* Note that this case-control study confirms a reduced risk for acoustic neuroma in current smokers but found no association with current snuff users.

The risk of developing an acoustic neuroma was greatly reduced among male smokers, but not among those who take snuff, researchers reported.

Current smokers had a 59% reduction in the risk of the benign tumor, compared with controls, while there was no risk decrease for snuff users, according to Sadie Palmisano, MS, of Ohio State University in Columbus, and colleagues.

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Categories
· Health/Science
· Women
· Sex/Fertility
non-USA, by Country
· UK

Smoking brings on earlier menopause 

Jump to full article: Daily Telegraph/Sunday Telegraph (au), 2012-04-25

Categories
· Cross-Border/Crime
non-USA, by Country
· Bulgaria

Quarter of a million pieces of cigarettes seized at Kapitan Andreevo checkpoint in a week  

Jump to full article: Focus English News (bg), 2012-04-24

Categories
· Society
· Cross-Border/Crime
· Cigars
USA, by State
· California

Prosecutors introduce more victims in cigar-smoking plastic surgeon case  

Jump to full article: San Francisco (CA) Examiner, 2012-04-24

Intro:

In one procedure, prosecutors said, Guzmangarza was accused of performing a cheap liposuction on a woman — during which he smoked a cigar and had her hold the IV bag. The woman’s abdomen later became infected.

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Categories
· Business (Tobacco)
Organizations
· Reynolds American

CORRECT: Reynolds American 1Q Profit Falls 29% On Restructuring Charges, Volume Drop  

Jump to full article: NASDAQ, 2012-04-24

Categories
· Fires/Injuries
· Obit
· Households
USA, by State
· Arkansas

Careless smoking causes house fire death 

David Rose, 41, of Rogers did not get out in time
Jump to full article: KYTV KY3 (Springfield, MO), 2012-04-24

Categories
· Teen Smoking/Youth
· Tobacco Control
non-USA, by Country
· UK

Teens' £50k blitz on young smokers  

Jump to full article: This is Nottingham (Nottingham Evening Post) (uk), 2012-04-20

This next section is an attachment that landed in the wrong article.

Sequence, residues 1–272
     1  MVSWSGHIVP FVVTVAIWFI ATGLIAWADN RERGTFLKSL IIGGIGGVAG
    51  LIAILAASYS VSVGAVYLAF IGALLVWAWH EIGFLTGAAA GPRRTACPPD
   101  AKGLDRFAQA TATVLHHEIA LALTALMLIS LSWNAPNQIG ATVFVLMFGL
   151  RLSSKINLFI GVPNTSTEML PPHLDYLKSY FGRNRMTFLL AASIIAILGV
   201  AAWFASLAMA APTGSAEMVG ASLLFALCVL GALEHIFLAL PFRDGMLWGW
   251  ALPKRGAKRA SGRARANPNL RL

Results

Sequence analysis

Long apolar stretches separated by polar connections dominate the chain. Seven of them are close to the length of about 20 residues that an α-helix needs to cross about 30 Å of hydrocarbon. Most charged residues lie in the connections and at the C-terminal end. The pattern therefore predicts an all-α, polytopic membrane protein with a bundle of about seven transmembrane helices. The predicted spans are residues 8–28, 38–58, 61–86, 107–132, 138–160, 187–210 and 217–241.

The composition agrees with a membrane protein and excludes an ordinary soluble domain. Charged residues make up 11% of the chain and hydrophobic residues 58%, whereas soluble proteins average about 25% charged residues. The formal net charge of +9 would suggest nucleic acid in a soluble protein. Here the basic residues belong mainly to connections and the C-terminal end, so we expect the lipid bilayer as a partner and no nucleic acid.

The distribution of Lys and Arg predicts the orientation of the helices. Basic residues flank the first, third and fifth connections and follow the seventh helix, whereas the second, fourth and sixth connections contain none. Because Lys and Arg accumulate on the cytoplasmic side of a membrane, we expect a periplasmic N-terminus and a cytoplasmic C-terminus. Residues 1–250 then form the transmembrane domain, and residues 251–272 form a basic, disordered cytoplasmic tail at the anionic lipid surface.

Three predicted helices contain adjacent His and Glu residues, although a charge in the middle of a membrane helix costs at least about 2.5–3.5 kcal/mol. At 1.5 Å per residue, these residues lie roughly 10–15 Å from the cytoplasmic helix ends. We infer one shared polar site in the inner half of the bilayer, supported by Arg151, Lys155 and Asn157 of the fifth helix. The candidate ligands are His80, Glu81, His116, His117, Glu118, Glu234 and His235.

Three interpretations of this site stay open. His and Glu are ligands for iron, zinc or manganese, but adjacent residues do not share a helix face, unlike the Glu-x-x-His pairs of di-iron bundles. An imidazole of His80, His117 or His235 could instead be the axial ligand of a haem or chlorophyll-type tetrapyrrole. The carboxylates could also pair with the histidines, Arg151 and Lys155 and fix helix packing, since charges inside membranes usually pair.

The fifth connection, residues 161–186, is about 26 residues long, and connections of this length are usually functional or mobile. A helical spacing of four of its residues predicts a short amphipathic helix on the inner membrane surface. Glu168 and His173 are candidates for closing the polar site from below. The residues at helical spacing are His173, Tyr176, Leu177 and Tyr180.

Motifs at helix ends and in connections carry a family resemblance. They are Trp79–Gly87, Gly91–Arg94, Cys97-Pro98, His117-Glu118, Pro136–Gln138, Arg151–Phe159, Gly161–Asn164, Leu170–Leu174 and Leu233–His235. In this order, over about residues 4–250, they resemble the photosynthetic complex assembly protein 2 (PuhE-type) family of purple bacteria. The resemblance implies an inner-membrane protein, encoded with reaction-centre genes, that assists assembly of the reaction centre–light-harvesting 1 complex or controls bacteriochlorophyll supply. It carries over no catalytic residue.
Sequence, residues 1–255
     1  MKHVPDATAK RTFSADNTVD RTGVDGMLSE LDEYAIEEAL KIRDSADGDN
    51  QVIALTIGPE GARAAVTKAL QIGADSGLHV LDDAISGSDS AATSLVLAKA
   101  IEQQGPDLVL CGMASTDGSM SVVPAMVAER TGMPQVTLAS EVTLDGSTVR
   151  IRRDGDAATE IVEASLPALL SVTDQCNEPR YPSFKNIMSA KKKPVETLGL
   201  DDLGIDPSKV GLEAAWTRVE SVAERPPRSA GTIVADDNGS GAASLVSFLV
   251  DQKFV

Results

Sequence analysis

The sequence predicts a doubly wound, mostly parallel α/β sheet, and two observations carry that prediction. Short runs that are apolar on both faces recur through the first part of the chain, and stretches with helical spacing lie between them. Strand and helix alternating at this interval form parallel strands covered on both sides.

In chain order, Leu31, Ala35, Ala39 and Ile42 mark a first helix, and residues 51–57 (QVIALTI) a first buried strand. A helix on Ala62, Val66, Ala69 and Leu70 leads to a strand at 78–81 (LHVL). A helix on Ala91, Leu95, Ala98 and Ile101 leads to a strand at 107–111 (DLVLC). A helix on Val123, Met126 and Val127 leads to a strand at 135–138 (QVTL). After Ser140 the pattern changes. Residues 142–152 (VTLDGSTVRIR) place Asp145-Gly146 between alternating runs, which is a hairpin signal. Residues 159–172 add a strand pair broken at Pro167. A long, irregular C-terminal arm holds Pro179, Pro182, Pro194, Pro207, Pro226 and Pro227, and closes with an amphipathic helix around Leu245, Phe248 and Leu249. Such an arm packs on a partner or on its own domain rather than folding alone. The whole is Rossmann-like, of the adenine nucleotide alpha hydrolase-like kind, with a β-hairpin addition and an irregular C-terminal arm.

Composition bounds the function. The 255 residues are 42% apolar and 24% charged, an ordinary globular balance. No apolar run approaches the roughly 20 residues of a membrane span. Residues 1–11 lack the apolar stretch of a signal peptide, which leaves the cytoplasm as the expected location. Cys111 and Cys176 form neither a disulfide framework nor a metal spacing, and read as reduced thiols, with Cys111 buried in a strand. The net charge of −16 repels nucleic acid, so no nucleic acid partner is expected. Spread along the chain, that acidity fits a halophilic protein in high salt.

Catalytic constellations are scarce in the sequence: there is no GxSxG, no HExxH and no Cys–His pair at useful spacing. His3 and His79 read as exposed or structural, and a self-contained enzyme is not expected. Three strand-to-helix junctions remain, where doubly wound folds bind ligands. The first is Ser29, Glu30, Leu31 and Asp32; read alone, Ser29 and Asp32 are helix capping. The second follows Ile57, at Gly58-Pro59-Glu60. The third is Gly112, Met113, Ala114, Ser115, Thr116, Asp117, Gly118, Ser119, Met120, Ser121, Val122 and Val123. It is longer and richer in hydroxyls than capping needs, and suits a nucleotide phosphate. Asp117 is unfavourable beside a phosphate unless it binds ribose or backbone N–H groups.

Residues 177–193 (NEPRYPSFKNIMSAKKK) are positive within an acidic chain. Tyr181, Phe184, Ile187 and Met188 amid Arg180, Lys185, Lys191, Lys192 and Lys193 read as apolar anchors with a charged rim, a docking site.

Categories
· Health/Science
non-USA, by Country
· UK

Fair-weather Brits reluctant to light up 

Jump to full article: NetDoctor.co.uk (uk), 2012-04-24

Intro:

Britons are less likely to smoke if the weather is bad, a survey has found.

Research commissioned by the Co-operative Pharmacy found that almost half of smokers would not go outside for a cigarette if it was raining.

The survey of 2,000 smokers revealed that young smokers and those living in London are least likely to brave the elements for the sake of a cigarette.

In contrast, smokers in Northern Ireland and Preston appear to be most likely to go outdoors in the rain.

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Categories
· Smokefree Policies
· Outdoors
non-USA, by Country
· Australia

Council considers outdoor smoke free zones 

Jump to full article: Singleton (NSW) Argus (au), 2012-04-20

Categories
· Health/Science
· Related
· Secondhand Smoke
· Cardio-vascular
· Stroke
· Diabetes
· COPD
· Aging/Elderly

Air Pollution Sickens Seniors  

Jump to full article: MedPage Today, 2012-04-21

Categories
· Health/Science
· Cessation
· Nicotine
· Vaccines
· E-cigs

Smoking Cessation Worth It Despite Dim Outcomes  

Jump to full article: MedPage Today, 2012-04-22
Author: By John Gever, Senior Editor, MedPage Today

Intro:

Action Points

* Drugs and counseling to help patients stop smoking typically double the odds of success relative to solo cold-turkey attempts, but success rates still seldom exceed 20%.

* Point out that so-called electronic cigarettes may not actually reduce the harm of smoking, are largely unregulated devices, and without evidence of their long-term health effects at present.

NEW ORLEANS -- Drugs and counseling to help patients stop smoking typically double the odds of success relative to solo cold-turkey attempts, but success rates still seldom exceed 20%, a researcher said here.

The bottom-line message: "Keep trying," said Michael K. Ong, MD, PhD, of the University of California Los Angeles, in a presentation at the American College of Physicians' annual meeting.

Existing approaches to smoking cessation will remain the best available for the foreseeable future, Ong suggested, and even though their effectiveness is modest at best, they are better than letting patients fend for themselves.